More digital camera in one package than ever
When we rated the D60’s predecessors, the D40 and D40x, we reckoned they’d be perfect if only they featured some form of dust prevention to avoid spots on images, and built-in stabilisation to reduce image blur.
Answering our call, the new D60 includes a self-cleaning sensor and for the first time Nikon has bundled a Vibration Reduction (VR) lens with a cheaper digital SLR. Outwardly little has changed. The D60 is small yet well constructed, the main shooting options controlled via a mode wheel similar to that on many digital cameras.
Images can be composed on the bright and clear optical viewfinder and reviewed on the rear 2.5in screen that otherwise displays a graphical menu. The image automatically rotates when the camera is turned on its side and switches off when you bring your eye to the viewfinder. Despite the lack of big changes Nikon says the improvements will make a difference to photographers.
It uses Nikon's new faster processor (the one found in the professional-level D300 and D3), which offers more accurate colours among other things.
There are new in-camera editing features: Active D-Lighting automatically evens out exposures so you don’t end up with a bright subject and dark background. In-camera retouching and RAW file processing – which formerly required specialist software – are also included.
What you don’t get is Live View, the popular feature that allows the screen to be used to compose images and check the focus, while if you don't want image stabilisation a package is available at £30 less. The D60 is quick: it was ready for the first capture in the time it took our fingers to find the shutter release.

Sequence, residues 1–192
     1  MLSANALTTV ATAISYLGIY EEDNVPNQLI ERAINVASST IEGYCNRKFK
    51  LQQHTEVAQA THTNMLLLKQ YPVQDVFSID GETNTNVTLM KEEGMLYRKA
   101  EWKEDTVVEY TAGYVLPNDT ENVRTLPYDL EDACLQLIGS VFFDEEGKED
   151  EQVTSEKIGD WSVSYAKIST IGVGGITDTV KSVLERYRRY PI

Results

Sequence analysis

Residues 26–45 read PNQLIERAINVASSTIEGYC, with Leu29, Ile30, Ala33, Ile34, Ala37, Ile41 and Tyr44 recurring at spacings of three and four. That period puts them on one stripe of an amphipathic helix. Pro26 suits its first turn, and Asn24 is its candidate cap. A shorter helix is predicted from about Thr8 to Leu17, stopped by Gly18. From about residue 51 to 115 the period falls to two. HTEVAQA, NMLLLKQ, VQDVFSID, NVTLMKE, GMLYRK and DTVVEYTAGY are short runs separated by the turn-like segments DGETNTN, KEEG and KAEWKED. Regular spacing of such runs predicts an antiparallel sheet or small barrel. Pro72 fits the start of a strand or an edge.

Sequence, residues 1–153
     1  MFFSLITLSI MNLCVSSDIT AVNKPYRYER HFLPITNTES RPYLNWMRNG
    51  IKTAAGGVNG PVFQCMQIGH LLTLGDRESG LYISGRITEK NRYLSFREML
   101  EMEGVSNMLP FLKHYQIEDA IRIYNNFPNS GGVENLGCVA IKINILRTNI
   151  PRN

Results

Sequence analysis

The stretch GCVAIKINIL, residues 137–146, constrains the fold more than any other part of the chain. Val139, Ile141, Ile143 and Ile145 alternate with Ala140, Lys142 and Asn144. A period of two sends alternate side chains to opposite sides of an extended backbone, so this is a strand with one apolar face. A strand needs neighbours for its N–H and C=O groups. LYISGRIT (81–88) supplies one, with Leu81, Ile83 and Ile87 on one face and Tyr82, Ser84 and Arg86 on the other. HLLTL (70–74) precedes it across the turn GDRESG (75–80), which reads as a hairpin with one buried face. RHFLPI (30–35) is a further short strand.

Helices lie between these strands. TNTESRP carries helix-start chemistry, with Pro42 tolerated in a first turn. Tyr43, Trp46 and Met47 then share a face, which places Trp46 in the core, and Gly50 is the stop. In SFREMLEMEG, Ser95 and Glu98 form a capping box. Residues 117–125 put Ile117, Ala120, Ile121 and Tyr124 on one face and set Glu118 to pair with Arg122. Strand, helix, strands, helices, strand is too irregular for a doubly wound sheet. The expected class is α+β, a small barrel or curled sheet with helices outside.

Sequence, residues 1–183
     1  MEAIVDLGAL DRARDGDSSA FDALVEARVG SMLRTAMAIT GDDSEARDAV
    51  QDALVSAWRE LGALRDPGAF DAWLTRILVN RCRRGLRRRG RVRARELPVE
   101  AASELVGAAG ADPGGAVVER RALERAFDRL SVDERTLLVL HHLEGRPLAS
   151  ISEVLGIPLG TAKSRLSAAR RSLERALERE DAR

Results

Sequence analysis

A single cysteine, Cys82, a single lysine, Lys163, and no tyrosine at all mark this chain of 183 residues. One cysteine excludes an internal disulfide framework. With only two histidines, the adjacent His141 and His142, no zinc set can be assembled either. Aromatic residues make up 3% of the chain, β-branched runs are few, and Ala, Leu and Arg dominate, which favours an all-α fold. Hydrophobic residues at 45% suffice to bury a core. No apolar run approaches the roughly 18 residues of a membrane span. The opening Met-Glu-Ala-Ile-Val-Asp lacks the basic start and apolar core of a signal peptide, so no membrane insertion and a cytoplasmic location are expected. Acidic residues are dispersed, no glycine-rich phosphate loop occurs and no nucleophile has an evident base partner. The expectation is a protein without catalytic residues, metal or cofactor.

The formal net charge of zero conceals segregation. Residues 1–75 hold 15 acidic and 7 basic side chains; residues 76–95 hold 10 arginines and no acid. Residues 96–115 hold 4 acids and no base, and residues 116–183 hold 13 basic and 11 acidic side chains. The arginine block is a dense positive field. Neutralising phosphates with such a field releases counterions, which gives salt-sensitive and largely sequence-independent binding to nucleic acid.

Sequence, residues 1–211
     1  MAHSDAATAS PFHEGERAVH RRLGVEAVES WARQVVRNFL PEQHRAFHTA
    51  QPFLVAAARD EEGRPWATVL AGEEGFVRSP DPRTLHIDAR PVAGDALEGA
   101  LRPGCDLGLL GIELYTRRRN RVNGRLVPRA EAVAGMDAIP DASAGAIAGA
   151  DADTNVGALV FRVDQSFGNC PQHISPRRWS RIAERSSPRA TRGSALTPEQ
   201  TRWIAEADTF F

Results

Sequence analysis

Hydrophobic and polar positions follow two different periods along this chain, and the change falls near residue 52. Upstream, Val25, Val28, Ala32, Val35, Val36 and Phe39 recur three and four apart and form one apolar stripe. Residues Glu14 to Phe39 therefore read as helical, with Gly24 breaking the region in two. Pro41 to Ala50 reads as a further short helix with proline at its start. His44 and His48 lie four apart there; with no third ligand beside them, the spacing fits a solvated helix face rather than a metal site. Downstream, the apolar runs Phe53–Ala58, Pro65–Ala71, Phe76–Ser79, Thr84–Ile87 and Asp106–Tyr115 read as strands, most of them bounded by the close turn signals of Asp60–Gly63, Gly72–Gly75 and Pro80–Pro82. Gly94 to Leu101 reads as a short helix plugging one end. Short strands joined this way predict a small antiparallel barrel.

The JPEG images it produced revealed plenty of colour and detail, with the D-Lighting lifting them above the level of snapshots. Noise was low even in poor light. In truth, though, the only essential feature among the D60’s additions is the airflow control system that channels dust out of the way of the sensor.
Owners of the recent D40x can rest easy, while those trading upwards from a compact camera have in the D60 the best value Nikon yet.
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Good points: Sensor cleaning system Great colours, free of noise Intuitive controls Bad points: Image stabilisation has a price premium No internal memory Not a big step from previous model Overall: An excellent starter SLR, adding more pixels, dust reduction and image stabilisation to an already-impressive camera series
£530 (18-55mm zoom lens included)
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